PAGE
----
Notes from the coffee mill...
Well, well, well. And here it is into October already. One of the things which has undoubtedly caught a lot of people's attention is the increasing prevalence of Japanese anime in the Fall lineup for kids and youth TV. Teletoon has picked up Cardcaptors which started on Aug. 23 and YTV started airing Vision of Escaflowne and Gundam Wing on Sept 4. Granted those in the USA have already been enjoying Cardcaptors for several weeks and Escaflowne and Gundam Wing likewise have had a head start down there. Even so, more and more Japanese titles are making there way onto mainstream TV. So, why is it that despite this increase in mainstream exposure that anime otaku aren't exactly overwhelmed with joy?
Looking at the treatment that anime gets from broadcasting corporations, very seldom do we see anime get brought over to the North American market in what can be considered a truly "pure" or unadultered form. Don't get me wrong, that doesn't mean that it never happens; it's just rare. However, it's no real surprise that edits need to happen. Looking at Japanese TV, there are fewer commercial breaks than what happens on American TV meaning that timewise there are constraints. And that's before looking at any actual content in the shows.
Also, on a purely cultural standpoint, North American public opinion tends to be one of "cartoons are for kids" and therefore should not contain any material which is inappropriate for kids. In Japan, of course, this simply is not the case. Anime and manga are very prevalent in all aspects of the culture, and while some people may not openly read Shonen Sunday or Jump every week, there are many a business man who does just that. Looking at this difference in perception of the two media in the different countries, we therefore can understand that there will be material which is considered inappropriate for kids in anime and manga; be it sexual, violent, drug related, or what have you. All these and more are dealt with a lot more openly at all ages. Also, because of the relative racial homogeneity of Japan, we can also understand how portrayal of colored people, people of Caucasian descent etc., may not be particularly significant in anime whereas in multicultural nations, we are very aware of stepping on another culture's toes in the way we depict one another in the media.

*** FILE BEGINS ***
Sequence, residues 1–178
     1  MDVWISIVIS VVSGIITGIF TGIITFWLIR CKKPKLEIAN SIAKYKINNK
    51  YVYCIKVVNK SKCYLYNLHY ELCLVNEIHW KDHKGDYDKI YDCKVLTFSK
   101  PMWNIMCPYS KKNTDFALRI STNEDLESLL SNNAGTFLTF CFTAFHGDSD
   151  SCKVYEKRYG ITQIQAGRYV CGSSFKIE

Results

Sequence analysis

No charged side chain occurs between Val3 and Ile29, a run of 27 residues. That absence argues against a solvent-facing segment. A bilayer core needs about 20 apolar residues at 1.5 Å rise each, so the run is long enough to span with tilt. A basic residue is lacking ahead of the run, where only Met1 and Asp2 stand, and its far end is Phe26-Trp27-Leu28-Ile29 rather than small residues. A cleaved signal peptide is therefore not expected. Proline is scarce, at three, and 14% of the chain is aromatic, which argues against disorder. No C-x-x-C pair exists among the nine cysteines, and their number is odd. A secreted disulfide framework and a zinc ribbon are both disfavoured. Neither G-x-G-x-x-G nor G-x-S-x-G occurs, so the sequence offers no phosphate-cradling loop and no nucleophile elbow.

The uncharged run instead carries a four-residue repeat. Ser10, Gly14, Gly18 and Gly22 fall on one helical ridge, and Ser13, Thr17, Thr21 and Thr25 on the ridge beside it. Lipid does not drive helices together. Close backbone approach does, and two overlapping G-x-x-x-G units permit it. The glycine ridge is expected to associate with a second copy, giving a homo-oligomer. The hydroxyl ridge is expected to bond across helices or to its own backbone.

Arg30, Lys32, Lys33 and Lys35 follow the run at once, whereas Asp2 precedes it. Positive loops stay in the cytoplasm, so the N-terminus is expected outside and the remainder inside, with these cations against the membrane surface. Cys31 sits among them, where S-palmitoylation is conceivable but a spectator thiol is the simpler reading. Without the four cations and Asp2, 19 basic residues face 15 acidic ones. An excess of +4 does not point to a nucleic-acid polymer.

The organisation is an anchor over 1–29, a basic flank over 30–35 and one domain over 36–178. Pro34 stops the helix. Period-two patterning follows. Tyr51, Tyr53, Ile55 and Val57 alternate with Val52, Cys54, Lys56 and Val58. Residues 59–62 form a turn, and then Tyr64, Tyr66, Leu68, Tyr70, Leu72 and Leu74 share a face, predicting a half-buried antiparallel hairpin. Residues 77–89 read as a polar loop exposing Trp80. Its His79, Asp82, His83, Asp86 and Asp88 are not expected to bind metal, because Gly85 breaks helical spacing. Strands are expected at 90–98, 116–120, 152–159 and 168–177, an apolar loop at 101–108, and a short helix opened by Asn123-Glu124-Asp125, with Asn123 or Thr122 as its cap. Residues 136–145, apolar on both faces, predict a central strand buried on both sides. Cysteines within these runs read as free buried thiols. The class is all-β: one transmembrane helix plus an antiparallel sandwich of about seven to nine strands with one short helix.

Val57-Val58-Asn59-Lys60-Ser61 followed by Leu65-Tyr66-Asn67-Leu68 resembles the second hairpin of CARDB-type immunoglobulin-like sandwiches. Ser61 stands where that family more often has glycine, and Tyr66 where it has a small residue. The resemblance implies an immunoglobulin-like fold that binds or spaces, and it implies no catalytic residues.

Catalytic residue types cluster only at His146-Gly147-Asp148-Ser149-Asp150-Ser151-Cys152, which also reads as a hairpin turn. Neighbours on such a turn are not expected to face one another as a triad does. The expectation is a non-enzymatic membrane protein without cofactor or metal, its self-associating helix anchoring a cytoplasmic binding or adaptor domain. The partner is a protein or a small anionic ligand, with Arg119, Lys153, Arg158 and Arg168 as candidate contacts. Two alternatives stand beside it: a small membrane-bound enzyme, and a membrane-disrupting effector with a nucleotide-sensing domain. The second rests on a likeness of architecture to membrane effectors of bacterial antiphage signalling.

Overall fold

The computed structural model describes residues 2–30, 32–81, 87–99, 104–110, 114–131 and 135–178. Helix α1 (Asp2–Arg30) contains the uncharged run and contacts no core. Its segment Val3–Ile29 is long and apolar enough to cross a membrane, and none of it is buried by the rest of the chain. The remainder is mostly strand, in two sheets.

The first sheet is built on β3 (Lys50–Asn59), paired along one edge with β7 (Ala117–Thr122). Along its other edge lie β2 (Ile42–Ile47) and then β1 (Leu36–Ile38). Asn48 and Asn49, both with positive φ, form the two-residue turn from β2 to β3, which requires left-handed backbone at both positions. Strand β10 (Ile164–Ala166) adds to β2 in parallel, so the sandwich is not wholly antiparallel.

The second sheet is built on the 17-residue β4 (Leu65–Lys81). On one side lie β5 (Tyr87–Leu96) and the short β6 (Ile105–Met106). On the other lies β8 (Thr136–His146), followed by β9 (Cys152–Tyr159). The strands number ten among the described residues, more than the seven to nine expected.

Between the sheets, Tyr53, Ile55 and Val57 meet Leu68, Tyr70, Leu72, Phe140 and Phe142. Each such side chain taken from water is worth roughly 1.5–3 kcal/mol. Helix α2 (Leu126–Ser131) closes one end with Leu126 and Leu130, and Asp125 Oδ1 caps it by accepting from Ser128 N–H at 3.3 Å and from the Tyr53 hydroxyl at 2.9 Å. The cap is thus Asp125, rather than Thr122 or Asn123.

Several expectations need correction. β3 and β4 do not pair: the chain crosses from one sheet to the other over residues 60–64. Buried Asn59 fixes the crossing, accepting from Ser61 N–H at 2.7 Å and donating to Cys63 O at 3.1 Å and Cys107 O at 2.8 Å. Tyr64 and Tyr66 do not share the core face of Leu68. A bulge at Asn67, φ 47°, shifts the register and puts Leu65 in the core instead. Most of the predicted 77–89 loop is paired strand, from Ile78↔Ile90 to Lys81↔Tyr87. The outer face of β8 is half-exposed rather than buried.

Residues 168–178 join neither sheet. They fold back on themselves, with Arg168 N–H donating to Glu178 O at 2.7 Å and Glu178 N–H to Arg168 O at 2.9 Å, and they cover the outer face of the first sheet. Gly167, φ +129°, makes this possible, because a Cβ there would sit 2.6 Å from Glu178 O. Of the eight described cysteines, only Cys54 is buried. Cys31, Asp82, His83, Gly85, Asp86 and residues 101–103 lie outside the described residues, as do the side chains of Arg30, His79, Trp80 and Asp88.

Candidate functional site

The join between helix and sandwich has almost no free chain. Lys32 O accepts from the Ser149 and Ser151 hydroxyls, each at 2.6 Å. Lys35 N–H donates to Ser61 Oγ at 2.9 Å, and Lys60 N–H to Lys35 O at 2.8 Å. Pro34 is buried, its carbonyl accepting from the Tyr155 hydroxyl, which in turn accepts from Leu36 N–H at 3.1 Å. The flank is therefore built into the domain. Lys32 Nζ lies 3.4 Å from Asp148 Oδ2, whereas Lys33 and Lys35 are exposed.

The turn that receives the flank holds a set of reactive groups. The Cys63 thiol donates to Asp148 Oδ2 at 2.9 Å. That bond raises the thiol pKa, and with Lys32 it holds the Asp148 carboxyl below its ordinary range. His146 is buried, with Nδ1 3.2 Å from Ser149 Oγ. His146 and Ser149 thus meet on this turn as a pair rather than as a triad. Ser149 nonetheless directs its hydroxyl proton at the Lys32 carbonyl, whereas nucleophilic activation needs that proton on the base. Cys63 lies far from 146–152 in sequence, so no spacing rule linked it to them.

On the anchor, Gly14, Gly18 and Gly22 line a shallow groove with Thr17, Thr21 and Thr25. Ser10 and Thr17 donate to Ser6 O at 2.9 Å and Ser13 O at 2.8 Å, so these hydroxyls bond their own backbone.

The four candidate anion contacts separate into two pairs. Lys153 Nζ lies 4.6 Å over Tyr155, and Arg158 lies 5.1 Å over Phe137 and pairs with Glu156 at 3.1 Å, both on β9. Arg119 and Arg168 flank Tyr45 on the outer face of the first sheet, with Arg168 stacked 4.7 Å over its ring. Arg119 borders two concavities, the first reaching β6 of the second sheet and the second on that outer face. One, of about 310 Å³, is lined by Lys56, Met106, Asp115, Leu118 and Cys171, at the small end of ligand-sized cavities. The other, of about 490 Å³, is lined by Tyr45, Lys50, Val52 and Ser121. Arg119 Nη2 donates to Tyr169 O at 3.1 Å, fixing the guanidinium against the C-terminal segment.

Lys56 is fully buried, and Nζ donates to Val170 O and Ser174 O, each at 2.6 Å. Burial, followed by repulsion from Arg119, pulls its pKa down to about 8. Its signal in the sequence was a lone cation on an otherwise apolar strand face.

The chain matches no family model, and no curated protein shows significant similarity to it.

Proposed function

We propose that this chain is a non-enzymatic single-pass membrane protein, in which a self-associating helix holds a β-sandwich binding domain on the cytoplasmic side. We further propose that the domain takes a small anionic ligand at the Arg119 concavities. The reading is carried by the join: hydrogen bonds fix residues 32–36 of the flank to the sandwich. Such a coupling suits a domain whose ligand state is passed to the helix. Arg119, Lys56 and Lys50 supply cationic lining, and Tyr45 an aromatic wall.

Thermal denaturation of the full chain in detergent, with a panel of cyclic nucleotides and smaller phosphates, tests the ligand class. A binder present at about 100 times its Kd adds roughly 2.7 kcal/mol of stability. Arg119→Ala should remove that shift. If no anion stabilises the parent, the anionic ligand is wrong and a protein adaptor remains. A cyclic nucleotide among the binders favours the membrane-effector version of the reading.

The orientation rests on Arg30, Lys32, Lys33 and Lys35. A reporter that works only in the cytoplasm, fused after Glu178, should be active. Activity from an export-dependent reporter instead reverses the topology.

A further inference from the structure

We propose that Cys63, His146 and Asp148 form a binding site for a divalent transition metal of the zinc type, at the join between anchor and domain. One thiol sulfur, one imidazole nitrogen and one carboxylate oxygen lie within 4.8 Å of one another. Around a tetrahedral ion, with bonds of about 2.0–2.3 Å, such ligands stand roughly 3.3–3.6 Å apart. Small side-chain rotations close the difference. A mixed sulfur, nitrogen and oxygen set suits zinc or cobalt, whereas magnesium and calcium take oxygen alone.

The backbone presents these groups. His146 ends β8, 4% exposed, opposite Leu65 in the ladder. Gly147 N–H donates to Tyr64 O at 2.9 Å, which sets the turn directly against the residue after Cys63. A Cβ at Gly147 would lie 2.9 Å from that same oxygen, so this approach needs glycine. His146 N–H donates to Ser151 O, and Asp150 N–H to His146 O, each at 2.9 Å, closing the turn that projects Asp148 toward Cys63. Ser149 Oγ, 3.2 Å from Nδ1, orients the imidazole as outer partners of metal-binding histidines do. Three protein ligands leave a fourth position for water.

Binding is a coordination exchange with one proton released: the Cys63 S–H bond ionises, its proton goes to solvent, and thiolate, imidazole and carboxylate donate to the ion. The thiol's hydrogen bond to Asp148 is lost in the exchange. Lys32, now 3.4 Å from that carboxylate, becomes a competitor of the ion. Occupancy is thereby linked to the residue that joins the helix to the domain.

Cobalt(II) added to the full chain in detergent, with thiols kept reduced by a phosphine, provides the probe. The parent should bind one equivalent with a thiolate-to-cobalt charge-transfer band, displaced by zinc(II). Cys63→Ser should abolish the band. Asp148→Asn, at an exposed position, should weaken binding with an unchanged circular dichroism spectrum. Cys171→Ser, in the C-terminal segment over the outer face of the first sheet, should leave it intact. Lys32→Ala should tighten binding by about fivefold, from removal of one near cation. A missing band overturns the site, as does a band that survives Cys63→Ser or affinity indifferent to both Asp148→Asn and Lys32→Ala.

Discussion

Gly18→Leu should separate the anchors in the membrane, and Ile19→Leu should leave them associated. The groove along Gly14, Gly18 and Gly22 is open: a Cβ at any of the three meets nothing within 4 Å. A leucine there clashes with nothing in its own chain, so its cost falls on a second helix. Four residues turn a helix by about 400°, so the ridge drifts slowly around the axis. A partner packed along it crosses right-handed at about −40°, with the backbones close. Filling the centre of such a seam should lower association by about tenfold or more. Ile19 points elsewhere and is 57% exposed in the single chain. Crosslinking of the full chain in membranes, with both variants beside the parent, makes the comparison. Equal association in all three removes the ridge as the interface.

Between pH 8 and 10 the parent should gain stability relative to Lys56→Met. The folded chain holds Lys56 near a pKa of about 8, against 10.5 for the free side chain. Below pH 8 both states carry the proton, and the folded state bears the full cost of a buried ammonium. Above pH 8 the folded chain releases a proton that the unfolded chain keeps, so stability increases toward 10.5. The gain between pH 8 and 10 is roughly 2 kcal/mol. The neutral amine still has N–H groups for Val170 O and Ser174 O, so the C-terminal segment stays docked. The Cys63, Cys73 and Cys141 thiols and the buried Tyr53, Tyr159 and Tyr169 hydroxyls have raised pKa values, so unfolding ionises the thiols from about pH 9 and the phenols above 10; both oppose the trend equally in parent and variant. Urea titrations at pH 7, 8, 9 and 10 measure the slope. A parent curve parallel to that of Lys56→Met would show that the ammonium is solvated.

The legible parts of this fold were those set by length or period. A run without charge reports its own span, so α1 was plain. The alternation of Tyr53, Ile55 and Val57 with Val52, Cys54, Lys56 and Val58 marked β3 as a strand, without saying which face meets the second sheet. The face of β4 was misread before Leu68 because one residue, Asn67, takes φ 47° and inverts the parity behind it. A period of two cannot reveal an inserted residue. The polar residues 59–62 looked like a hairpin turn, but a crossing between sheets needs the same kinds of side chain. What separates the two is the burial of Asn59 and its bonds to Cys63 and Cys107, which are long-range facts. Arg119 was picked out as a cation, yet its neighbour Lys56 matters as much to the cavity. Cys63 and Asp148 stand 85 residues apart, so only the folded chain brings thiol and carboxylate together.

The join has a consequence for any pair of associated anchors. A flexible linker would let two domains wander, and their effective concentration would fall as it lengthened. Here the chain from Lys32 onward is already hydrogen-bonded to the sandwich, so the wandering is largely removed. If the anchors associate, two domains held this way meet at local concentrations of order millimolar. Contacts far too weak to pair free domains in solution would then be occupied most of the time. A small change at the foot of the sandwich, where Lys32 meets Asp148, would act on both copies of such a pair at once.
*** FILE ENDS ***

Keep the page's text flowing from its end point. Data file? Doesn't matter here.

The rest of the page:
So being quite practical about things, none of the shows in the fall lineup would be able to be shown on North American broadcast TV in its raw form. However what's been most striking this time around is the change in demographic target from that intended by the original program to the North American targeted viewer. How is it that Escaflowne, an anime program originally meant for teenagers (mid-teens) is suddenly being targeted for boys age 6+ by Fox Kids? The alterations required for such a drastic change in demographic target means that much of the material would therefore need to be changed. Not only do we need the cuts for blood and violence, but how many 6+ boys shows have a love story in them? Also, while the folks at Fox Kids may well have picked up the series after screening only the first four episodes of the series, does the background work into choosing appropriate titles stop there? Could they not have decided to change their target thus making their own lives easier and thus keeping the show and its original intent more intact?